An investigation into sexual harassment claims at Kennesaw State University has led to the termination of a softball coach and two suspensions thus far.
Administration at KSU received an anonymous letter on June 14 detailing various sexual harassment claims against former women’s softball coach Tory Acheson. The sender claimed to be an employee of the university who feared disclosing their identity.
The letter prompted an investigation from the university’s Title IX Committee, and Acheson was fired effective Aug. 3 after only two seasons with KSU.
The Title IX Committee is committed to maintaining a fair and respectful environment for living, working and study. They oversee all cases of inequality at KSU and insist that all students and faculty uphold the standards that Title IX stands for.
Six current undergraduate softball players, two former players and two assistant coaches were interviewed as witnesses in the investigation.
During the committee’s review of the allegations against Acheson, KSU identified several opportunities for improvement in its Title IX compliance. As a result of the investigation, the university is implementing changes to increase department Title IX training, new reporting structures and the development of enhanced departmental protocols.
The investigation also revealed an earlier anonymous letter that had been sent to Athletic Director Vaughn Williams and Senior Associate Athletic Director Scott Whitlock on April 12.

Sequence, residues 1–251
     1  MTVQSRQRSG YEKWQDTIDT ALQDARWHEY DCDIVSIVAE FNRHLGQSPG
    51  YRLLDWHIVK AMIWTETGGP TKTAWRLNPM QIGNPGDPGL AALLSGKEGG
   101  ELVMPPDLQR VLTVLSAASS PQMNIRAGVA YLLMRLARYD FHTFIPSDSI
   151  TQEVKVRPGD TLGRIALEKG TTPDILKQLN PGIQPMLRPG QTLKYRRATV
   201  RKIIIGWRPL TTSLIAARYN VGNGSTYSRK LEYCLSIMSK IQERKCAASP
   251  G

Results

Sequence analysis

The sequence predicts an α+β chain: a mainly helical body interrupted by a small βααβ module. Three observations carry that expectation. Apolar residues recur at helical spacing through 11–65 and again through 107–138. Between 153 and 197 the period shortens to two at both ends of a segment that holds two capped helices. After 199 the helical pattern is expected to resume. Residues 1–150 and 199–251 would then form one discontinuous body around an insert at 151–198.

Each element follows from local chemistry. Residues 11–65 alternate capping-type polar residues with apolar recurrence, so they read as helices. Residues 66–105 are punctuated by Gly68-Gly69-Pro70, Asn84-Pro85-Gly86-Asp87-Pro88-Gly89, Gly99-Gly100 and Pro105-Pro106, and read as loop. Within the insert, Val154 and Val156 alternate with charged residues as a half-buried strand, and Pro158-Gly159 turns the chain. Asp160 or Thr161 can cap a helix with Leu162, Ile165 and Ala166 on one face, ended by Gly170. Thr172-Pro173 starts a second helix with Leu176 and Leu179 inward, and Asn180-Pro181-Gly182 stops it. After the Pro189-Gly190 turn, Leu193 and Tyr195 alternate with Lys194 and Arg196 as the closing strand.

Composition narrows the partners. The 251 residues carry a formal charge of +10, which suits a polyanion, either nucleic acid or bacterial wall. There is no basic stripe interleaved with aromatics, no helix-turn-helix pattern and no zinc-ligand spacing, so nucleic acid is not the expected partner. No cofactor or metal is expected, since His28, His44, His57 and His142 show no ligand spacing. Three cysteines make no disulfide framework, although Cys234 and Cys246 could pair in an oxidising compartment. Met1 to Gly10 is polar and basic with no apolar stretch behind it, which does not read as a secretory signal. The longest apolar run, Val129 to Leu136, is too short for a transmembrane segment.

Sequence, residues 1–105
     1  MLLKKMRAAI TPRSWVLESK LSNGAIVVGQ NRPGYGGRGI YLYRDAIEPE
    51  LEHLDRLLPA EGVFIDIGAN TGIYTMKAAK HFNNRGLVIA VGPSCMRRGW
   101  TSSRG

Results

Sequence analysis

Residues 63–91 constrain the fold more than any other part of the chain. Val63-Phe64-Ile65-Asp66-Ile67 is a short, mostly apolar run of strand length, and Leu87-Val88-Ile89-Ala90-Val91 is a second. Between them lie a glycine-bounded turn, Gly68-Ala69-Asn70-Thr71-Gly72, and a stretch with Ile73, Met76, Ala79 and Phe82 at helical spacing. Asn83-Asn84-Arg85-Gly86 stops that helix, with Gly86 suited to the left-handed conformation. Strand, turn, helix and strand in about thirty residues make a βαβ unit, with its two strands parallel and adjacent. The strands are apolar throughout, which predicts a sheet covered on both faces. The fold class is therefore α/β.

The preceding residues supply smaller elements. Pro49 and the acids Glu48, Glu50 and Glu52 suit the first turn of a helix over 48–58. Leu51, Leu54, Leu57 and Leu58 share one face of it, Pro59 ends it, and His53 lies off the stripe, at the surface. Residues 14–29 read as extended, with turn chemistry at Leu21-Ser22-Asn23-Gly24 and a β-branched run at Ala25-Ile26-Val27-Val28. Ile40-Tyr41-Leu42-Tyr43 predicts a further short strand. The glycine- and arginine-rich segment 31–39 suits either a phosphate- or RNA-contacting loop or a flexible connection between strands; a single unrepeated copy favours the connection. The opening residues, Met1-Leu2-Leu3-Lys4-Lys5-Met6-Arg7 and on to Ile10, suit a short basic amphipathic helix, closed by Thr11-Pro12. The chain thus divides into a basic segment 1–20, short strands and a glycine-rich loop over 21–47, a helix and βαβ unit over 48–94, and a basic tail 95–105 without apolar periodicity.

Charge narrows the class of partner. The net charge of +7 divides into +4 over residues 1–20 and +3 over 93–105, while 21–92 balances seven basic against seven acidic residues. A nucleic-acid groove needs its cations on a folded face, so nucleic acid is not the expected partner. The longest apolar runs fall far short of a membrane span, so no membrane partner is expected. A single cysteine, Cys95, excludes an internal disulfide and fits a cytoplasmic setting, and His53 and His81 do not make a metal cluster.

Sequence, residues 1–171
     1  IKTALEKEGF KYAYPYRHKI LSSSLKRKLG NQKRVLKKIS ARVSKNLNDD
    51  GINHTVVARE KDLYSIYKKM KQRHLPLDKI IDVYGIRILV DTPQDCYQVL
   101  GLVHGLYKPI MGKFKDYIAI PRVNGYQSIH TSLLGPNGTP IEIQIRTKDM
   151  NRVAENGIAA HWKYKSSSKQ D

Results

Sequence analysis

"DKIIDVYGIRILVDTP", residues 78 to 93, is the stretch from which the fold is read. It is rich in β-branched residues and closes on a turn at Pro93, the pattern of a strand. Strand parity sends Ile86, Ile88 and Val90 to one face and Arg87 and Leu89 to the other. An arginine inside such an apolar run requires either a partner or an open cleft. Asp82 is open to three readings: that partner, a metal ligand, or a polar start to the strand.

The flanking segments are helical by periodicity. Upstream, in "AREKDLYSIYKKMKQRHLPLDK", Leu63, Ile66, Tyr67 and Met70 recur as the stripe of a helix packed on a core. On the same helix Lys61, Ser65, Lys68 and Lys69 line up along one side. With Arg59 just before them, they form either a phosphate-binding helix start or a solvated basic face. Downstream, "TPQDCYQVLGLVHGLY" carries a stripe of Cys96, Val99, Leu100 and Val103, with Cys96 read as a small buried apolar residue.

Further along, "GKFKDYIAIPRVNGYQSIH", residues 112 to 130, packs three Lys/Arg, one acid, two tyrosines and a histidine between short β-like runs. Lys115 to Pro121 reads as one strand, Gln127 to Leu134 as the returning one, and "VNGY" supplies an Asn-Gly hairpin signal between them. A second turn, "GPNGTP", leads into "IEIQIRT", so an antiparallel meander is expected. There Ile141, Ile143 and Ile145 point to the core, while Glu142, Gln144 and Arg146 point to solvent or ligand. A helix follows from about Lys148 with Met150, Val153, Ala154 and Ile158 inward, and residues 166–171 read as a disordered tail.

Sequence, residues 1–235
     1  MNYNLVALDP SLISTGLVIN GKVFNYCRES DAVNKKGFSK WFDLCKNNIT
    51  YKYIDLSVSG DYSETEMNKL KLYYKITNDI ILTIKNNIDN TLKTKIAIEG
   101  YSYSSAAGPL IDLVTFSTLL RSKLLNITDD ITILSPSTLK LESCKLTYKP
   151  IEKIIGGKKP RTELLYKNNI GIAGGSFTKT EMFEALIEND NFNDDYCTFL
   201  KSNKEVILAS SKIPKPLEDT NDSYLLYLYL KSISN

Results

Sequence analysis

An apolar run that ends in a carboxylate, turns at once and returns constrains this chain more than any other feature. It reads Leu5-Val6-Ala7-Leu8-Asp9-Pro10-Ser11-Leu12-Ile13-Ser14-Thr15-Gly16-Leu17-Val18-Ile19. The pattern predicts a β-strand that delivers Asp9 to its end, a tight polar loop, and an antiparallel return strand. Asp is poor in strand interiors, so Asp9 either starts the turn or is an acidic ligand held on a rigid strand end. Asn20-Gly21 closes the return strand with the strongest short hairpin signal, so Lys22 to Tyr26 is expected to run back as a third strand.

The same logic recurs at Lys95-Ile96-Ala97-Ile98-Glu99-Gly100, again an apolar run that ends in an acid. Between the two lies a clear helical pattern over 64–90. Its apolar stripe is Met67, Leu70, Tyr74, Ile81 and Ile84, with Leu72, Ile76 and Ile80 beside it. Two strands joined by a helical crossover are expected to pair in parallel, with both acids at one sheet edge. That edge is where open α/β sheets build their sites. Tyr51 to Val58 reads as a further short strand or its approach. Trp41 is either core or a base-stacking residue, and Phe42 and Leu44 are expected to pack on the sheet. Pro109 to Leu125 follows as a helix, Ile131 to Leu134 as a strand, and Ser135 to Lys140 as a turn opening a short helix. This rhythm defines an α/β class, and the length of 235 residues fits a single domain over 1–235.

It is unknown if both letters were sent by the same person.
According to the investigation, Williams and Whitlock did not notify other departments of the university, such as legal affairs or the Title IX office. They did, however, share the letter with other members of the athletics department.
Williams reportedly dealt with the issues laid out against Acheson in the letter internally because he did not see it as a Title IX issue. As a result, Williams was effectively suspended for one week from Aug. 4 to Aug. 10 without pay.
Whitlock has also been suspended without pay, effective Aug. 22 through Aug. 26.
Acheson released a written statement Aug. 8 calling the investigation “career-crushing” and “possibly the worst day of [his] life.” In the statement, Acheson said he plans to appeal the claims against him and that he never inappropriately touched any players during his 35-year career.
“I love coaching softball,” Acheson said. “It is my passion. And now, because of this story, I am not sure that I will ever be able to coach again.”
The investigation is still ongoing as Acheson prepares his appeal.